She knew the police would be coming for her. They’d already arrested the woman who had received a bottle of ayahuasca from her curandero in Peru and the individual who was planning to lead a ceremony with the ayahuasca. Thirty people, in total, had been called in for the investigation, including all those who were planning to sit in the ceremony. And while she was not involved with this particular ceremony, she led others and knew many people in the community who were being touched by the case.
When the Israeli police finally got to her – one of the ceremony participants mentioned her name – they were already calling her involvement with ayahuasca “a very serious crime” and threatening her with 10 years of jail time.
Yael Levy, we’ll call her that as she’s asked to remain anonymous, was at a loss for what to do when, out of the blue, she received a call from the Ayahuasca Defense Fund, a legal defense program created by the NGO ICEERS. They had a global network of drug policy experts, lawyers, and scientific experts on ayahuasca at their disposal and they were going to help her – for free.
“It’s really, really hard when you come out of jail and you don’t know where to start,” Levy recalls. “They said ‘don’t worry, everything is under control, you’re not the only one this has happened to.’”
ICEERS had been supporting legal cases since 2010, and due to a noted increase in the number of incidents, organized the first World Ayahuasca Conference, bringing together international legal and policy experts, which led to the creation of the Ayahuasca Defense Fund (ADF). ICEERS has helped on over 110 cases like Levy’s, in countries from Chile to Russia. While they work mostly around ayahuasca, they also support cases around other plants and fungi, such as mushrooms, iboga, and coca leaf. Natalia Rebollo, human rights lawyer and coordinator for the ADF, says the number of these cases is growing as drug authorities around the world become more familiar with what ayahuasca looks like as people try to cross borders with it or ship it from South America. When people do face prosecution, the ADF is helps them navigate what in many countries is a legal grey area.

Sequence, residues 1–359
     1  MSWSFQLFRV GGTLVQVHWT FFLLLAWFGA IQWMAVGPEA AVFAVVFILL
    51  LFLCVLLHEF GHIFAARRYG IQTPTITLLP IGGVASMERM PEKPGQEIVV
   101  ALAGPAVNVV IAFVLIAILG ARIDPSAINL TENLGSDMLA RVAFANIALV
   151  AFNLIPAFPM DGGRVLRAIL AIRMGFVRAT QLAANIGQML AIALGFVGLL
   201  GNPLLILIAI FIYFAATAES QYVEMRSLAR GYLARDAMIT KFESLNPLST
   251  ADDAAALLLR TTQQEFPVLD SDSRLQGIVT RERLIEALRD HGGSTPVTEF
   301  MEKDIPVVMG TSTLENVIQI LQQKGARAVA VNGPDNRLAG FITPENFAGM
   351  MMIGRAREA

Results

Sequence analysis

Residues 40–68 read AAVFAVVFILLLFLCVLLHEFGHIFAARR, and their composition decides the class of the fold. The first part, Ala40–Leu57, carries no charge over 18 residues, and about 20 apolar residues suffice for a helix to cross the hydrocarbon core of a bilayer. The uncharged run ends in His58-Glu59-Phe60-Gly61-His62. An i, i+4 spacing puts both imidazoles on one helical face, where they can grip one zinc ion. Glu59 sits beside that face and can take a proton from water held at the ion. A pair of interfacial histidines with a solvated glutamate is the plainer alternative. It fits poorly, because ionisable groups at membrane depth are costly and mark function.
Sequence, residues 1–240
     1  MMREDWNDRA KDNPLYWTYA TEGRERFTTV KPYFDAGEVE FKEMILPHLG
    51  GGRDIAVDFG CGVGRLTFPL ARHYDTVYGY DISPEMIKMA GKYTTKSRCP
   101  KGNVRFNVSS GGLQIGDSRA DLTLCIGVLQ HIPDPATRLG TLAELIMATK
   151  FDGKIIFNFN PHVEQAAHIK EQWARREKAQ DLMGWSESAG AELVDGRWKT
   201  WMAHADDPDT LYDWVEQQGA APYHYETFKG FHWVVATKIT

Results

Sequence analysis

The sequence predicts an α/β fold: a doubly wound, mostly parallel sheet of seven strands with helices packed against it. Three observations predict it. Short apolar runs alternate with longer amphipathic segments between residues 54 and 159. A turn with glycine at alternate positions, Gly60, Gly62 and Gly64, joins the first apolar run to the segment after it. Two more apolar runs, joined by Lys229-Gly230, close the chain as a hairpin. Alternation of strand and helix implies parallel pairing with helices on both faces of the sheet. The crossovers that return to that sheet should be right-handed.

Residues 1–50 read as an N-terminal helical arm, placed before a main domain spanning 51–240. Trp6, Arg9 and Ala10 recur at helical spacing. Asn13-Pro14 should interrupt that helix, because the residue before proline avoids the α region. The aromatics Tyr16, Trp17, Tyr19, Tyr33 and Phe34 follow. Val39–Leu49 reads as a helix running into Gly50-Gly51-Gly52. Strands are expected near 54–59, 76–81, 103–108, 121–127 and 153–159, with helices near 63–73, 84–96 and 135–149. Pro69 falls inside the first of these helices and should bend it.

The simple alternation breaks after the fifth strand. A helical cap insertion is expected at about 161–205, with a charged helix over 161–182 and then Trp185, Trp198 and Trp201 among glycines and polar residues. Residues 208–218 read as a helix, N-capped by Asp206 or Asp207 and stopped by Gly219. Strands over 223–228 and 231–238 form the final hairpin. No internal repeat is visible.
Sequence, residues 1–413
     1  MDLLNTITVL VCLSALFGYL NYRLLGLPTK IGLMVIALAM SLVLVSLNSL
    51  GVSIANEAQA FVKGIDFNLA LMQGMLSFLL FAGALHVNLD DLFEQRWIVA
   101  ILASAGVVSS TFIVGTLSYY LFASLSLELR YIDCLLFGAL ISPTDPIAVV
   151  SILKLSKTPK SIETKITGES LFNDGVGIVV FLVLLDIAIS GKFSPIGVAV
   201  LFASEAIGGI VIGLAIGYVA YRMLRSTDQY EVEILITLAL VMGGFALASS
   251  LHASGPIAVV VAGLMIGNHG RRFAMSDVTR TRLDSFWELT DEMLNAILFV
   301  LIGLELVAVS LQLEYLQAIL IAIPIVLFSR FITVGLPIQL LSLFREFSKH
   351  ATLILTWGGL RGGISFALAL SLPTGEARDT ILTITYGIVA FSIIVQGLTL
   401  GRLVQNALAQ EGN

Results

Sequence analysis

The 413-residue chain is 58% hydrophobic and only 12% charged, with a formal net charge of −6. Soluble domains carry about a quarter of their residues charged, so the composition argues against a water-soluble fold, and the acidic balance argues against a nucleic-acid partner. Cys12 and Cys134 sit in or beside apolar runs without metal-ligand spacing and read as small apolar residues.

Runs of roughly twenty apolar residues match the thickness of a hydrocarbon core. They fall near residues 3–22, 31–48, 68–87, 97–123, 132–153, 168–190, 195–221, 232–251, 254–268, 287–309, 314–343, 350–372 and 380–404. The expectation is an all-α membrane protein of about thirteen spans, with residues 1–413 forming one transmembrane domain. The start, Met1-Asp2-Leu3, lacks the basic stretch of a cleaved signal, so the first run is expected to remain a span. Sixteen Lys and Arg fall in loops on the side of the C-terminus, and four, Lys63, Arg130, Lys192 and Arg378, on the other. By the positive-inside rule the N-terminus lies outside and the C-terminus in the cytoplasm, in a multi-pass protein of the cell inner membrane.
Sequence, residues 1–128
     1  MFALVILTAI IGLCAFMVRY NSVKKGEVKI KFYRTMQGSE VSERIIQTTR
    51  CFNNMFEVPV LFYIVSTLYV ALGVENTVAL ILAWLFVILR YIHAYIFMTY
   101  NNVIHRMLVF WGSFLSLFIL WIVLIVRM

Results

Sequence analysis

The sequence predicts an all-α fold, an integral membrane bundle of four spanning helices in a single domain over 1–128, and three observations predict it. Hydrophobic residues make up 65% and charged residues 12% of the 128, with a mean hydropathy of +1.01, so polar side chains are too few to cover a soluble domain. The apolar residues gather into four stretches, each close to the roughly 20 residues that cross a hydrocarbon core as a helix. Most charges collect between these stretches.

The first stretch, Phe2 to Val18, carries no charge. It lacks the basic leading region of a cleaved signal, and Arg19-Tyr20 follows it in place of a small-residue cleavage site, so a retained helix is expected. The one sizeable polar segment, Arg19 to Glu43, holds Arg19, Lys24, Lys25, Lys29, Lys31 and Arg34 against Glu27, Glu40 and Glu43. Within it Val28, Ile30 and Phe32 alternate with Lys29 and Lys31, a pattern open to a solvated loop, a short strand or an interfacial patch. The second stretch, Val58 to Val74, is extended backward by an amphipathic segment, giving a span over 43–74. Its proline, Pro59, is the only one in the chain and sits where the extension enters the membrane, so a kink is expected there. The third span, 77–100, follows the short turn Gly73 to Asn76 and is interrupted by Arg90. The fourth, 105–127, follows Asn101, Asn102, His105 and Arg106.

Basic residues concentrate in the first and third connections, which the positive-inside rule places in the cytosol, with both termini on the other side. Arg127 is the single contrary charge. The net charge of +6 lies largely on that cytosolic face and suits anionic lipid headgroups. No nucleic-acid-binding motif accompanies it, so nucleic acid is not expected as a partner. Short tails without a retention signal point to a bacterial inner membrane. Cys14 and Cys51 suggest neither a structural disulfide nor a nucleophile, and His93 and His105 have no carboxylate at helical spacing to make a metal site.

Strategies for educating law and policy makers on the cultural, religious, and therapeutic uses of ayahuasca will be an important topic covered at the World Ayahuasca Conference this spring, where the global community will come together to talk about how they can leverage their expertise to protect ayahuasca-related practices.
There’s currently a tension, Rebollo says, within the United Nations between the organization’s drug control bodies, based in Vienna, and human rights bodies, based in Geneva, over the legal and human rights issues related to ayahuasca and other traditionally-used plant practices. Drug control bodies tend to pay closer attention to the psychoactive components of these plants – DMT in the case of ayahuasca – and the plant concoctions themselves end up getting caught up in the net of drug control that prohibit these compounds (and interestingly, not the plants themselves). On the other hand, human rights bodies are more sympathetic to the argument that Indigenous peoples have a right to use them as a part of their traditional, sacred practices.